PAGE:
A South Carolina man has a beautiful eight-volume set of Edward Gibbon’s famous History of the Decline and Fall of the Roman Empire that he acquired inexpensively at a local library sale in Edgefield, South Carolina.
Dated 1789, these early volumes of the History are inscribed with the signature of John C. Calhoun. Could these possibly be the books of the famed 19th-century political giant and intellectual architect of the Confederacy?
Along with Daniel Webster of Massachusetts and Henry Clay of Kentucky, Calhoun was part of The Great Triumvirate of statesmen who set the terms of debate on the most challenging issues of their time, including banking, state’s rights, westward expansion, and slavery.
History Detectives heads to South Carolina to dig deep into these books to learn more about their possible original owner and shed light on the thinking of one of the most powerful politicians in 19th-century America.
- Related Investigation Civil War POW Photos Were these pictures made in a Civil War prison with a home-made camera?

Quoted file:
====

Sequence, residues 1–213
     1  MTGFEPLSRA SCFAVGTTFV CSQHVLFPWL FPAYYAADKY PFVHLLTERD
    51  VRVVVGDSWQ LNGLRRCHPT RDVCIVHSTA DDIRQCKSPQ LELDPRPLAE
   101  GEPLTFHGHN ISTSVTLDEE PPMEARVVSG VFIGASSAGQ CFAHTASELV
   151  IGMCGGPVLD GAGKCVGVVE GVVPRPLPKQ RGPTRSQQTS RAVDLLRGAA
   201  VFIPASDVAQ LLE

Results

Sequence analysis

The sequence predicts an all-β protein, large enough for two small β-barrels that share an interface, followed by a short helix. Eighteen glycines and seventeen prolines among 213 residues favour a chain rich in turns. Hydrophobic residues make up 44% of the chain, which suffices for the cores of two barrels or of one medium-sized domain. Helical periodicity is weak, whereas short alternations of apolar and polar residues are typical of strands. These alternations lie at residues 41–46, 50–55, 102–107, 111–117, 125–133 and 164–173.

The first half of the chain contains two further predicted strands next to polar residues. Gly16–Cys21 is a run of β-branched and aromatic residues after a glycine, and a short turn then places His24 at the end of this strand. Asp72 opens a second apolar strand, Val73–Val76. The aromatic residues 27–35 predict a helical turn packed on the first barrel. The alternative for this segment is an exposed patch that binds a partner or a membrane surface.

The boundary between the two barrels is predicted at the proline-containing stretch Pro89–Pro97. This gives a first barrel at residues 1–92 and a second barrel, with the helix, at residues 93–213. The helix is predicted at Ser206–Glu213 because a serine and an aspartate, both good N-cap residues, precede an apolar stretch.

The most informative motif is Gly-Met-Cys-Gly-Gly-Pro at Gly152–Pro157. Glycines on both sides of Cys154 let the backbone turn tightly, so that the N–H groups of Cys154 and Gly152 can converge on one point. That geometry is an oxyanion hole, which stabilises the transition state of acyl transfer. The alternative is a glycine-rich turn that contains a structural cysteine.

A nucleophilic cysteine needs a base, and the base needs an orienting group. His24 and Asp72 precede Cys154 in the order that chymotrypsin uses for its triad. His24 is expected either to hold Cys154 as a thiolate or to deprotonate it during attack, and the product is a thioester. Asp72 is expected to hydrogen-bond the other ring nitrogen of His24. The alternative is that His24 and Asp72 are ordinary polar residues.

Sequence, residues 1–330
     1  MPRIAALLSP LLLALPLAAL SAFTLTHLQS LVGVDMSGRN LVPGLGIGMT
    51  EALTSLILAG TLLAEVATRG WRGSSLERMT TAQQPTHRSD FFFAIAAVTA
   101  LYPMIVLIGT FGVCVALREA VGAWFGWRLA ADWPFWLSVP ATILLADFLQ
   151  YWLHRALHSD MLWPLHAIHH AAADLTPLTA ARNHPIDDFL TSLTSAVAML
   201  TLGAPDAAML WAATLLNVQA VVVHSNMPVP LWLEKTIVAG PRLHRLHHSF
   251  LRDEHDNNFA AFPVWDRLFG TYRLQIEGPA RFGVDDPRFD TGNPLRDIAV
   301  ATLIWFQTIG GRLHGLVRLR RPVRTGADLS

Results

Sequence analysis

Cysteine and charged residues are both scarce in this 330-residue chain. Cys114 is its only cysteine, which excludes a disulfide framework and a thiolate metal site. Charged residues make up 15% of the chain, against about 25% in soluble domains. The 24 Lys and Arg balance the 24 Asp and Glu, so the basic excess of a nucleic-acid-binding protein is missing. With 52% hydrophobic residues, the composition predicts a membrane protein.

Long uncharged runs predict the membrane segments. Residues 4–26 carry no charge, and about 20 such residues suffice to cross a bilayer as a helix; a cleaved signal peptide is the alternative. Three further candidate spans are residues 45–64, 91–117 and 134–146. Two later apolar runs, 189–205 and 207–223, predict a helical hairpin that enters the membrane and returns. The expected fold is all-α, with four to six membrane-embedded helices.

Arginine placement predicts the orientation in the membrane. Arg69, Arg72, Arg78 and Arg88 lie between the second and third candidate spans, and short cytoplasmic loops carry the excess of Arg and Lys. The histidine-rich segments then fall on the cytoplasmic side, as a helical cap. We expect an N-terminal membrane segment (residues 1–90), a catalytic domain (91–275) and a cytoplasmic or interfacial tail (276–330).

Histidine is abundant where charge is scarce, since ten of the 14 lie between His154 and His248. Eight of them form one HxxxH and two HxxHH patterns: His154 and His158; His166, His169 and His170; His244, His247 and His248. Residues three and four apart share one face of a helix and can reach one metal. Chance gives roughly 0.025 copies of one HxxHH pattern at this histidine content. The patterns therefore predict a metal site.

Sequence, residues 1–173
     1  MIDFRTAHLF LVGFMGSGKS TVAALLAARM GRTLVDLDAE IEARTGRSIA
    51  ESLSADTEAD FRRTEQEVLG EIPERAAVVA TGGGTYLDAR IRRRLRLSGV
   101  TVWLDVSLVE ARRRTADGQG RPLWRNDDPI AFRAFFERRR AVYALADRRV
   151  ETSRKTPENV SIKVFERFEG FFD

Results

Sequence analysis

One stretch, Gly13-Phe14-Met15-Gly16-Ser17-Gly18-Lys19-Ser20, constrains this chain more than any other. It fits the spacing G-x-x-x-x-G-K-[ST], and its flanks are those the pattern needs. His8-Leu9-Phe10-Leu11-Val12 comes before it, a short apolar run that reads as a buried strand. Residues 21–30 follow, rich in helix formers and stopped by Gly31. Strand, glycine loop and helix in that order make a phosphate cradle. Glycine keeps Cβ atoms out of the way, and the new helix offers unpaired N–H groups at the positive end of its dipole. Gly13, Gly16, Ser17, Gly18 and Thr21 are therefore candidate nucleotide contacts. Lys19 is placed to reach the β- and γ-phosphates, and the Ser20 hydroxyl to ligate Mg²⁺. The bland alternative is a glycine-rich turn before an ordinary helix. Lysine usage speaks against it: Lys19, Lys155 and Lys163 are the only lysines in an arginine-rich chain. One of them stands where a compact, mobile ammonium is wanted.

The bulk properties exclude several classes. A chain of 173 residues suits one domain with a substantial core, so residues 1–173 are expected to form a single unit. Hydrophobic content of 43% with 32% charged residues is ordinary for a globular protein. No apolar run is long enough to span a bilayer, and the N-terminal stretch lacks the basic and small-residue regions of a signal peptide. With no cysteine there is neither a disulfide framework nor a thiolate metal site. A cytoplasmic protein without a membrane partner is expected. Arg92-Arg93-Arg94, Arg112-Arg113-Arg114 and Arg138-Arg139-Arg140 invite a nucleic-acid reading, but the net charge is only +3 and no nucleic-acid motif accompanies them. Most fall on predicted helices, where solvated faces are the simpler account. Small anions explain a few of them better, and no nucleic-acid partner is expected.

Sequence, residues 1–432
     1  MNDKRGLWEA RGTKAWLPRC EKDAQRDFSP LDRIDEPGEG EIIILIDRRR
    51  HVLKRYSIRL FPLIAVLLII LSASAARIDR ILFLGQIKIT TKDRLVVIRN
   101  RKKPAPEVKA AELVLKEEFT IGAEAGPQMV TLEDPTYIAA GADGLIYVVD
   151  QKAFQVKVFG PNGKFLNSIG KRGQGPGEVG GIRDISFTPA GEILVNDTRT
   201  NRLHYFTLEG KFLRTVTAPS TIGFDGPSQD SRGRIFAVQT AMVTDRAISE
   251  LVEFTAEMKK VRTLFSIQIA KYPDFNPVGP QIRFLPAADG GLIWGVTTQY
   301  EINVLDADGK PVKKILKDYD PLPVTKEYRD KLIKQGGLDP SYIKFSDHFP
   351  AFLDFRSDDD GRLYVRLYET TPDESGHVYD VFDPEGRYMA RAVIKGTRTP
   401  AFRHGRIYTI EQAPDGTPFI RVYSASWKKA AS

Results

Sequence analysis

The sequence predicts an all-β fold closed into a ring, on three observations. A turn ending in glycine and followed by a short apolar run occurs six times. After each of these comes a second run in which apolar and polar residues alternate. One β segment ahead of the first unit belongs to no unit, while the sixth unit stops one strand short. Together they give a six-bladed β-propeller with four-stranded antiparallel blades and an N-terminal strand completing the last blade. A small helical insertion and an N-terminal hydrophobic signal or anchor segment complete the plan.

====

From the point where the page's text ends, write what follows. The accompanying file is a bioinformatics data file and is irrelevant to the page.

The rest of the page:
- Also with Gwen Wright Pop Lloyd Baseball Field Why was this baseball field named after an African-American ballplayer in a time of racial tension?
- Related Investigation Civil War Letters What can these letters reveal about a racially-charged massacre on a Civil War battlefield?
- Also in Civil War: 1850-1877 Army Muster Roll What can a Continental Army muster roll tell us about this remarkable African-American soldier?
- Also with Gwen Wright Nora Holt Autograph Book Why did this Harlem Renaissance luminary own a book filled with U.S. Presidents' signatures?
- Also in Civil War: 1850-1877 Lincoln Oath Was this note penned by Abraham Lincoln?
This is a place for opinions, comments, questions and discussion; a place where viewers of History Detectives can express their points of view and connect with others who value history. We ask that posters be polite and respectful of all opinions. History Detectives reserves the right to delete comments that don’t conform to this conduct. We will not respond to every post, but will do our best to answer specific questions, or address an error.